A month after adding Alameda Point to the Superfund program, US EPA Headquarters continues to provide misleading information to a concerned public about their rationale for excluding the marsh crust from the Superfund Site boundaries. The plan for the cleanup of contamination in the marsh crust and subtidal area has not been finalized, has not been released for public comment, and has not been the subject of a public hearing. No institutional controls will be obligated until a Record of Decision for the marsh crust is signed which is not expected to occur until April 2000.

Dale's Bar/Railroad Property Sampled by City-
Lack of Due Diligence Symptom of Development-blinded City

As reported in the previous edition of EJPP the City of Alameda did not have much trouble discovering significant contamination on its million dollar property purchase. Dale's Bar and the adjacent Union Pacific Rail Road Right-of-way along Main Street were purchased with the intent of constructing a park and storm-water facilities to serve future residents of the Can'tellus Development project on FISC Toxic Waste Site No. 1.

A strong chemical odor alerted construction workers to the toxic contamination in shallow soils. On August 6, 1999 the City collected samples for chemical analyses. EJPP will post the sample results when and if the City makes them available to the public.

Institutional Control Monitoring
Controls Ineffective again and again

Site 4, Batelle Treatability Study (status: on-going)
Hazardous Waste Operation Worker in shorts (8/3/99)

Site 5, BERC Treatability Study(status: equipment removed, hazardous waste remains)
Uncovered Hazardous Waste Containers (on-going)
Hazardous Waste Storage greater than 90 Days (on-going)
Uncontrolled Soil Aeration greater than 90 Days (on-going)

Site 16, Alameda Reuse Authority (status: on-going)
Superfund Documentation not prepared for Contaminated Soil Excavation (on-going)
No Health and Safety Plan, No Site Controls for Dust, Stormwater (on-going)

Site 5, New World Technologies Radioactive Material Removal Action (status: on-going)
No Site Controls (on-going since October 1998)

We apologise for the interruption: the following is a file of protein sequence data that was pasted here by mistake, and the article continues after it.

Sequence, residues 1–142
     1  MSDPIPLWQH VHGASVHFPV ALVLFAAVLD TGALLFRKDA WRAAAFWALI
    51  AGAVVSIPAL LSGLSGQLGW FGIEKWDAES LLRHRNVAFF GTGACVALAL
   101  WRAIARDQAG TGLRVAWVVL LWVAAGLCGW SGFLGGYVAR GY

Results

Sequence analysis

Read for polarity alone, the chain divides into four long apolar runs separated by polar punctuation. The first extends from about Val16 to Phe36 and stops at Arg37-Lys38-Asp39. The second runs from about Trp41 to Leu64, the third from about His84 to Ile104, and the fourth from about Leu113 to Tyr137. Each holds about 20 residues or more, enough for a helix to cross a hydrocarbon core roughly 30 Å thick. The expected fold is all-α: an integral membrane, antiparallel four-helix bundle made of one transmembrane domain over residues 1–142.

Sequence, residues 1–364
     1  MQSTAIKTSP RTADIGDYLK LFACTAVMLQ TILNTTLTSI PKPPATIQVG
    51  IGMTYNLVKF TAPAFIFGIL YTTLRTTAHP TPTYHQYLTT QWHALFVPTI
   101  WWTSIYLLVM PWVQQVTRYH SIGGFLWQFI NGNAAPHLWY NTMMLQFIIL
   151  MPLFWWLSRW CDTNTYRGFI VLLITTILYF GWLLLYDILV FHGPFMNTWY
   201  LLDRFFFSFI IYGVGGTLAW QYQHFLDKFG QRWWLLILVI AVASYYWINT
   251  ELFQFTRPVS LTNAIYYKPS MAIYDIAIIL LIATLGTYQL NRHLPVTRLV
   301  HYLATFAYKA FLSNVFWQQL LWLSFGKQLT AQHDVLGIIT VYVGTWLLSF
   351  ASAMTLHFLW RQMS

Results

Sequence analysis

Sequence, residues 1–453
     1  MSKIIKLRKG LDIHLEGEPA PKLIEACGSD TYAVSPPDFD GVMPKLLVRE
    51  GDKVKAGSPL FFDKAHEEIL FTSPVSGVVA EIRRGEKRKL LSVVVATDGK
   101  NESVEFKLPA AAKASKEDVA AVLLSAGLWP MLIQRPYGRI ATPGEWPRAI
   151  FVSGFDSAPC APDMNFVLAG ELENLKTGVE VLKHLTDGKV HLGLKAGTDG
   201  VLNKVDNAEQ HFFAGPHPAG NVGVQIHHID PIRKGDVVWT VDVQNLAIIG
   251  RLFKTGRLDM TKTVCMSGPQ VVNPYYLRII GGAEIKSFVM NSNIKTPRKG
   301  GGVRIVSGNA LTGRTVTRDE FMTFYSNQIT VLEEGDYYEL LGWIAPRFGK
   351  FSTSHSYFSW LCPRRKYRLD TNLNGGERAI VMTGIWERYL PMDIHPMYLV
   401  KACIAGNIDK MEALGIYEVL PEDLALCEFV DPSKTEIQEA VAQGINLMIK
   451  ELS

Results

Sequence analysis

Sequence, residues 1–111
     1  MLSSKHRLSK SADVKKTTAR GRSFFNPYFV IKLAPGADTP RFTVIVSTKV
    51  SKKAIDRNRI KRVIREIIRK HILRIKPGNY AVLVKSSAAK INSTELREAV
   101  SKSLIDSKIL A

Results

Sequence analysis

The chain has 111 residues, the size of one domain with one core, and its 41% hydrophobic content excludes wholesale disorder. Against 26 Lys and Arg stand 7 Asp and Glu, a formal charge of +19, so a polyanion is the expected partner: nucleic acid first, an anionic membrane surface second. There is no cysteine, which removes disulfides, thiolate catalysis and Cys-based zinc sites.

Health and Safety Plan Ignored (on-going since October 1998)

Dog Park/Ferry Terminal, City of Alameda (status: on-going)
No Site Controls for Contaminated Soil Piles (on-going since 1997)
Samples Collected to Determine extent of Toxics Contamination (August 1999)

Child Development Center, Alameda Unified School District(status: on-going)
No Site Controls for Contaminated Soil during play equipment installation and land-scape replacement (on-going )

Pier 1, Alameda Reuse Authority (status: on-going)
No Site Controls for Fuel Plume, Broken Water Main (leak continued for one week, collapsing roadway, discharged water with fuel overland into bay)

Regional Water Quality Control Board Over-sight
Bad for public safety, the Environment, Public Participation

The Navy's use of the petroleum exemption is an attempt to find a regulatory agency that won't require any cleanup and won't require any public review of the proposed "no cleanup" plans. This regulatory agency in the past has been the Regional Water Quality Control Board (RWQCB). The RWQCB readily admits that they don't have any authority over the Navy (or any business located at the former base) because the land is owned by the federal government. Since receiving a Cease and Desist Order from the Water Board in 1969 to stop discharging untreated industrial waste into the bay, the Navy has continuously ignored RWQCB directives to address water contamination with complete impunity.

The Superfund listing was in part the result of the Navy's inability to negotiate in good faith with the State of California on a Federal Facilities Cleanup Agreement. If Superfund listing is to address this issue, why are significant contaminated sites being taken out of Superfund and placed under the authority of a state environmental agency?

Question Authority - Stay the Course - No back-door "petroleum exemption."

The idea that for the past 16 years the wrong regulatory agency has been over-seeing the cleanup of certain toxic waste sites at Alameda Point is troubling. The recommendation by the Navy to transfer certain toxic waste sites to the State's leaking underground storage tank program results in a lower level of protection for human health and the environment, primarily through a reduction in the public participation requirements to which cleanup or no cleanup plans must be subjected. Each of the Navy's recommended "petroleum exempt" sites contains contamination other than petroleum. Contact the Base Cleanup Team and let them know that given the low level of cleanup occurring under the Superfund program, you are not willing to settle for any further reduction in cleanup for toxic waste sites where petroleum is one of the contaminants.

The Environmental Justice Progress Report is the newsletter of West End Concerned Citizens (WECC). WECC has been monitoring the toxic cleanup planning process at the Alameda Point Naval Air Station (NAS) since 1995. Our community members have become increasingly frustrated at the lack of response to the public's concerns, the inadequate information provided to the public, and the lack of opportunities for the public to participate in the decision making process.

To receive a free copy of the this monthly report of for more information, please contact us at ejpp@toxicspot.com.

July-August 1999 Edition
September 2, 1999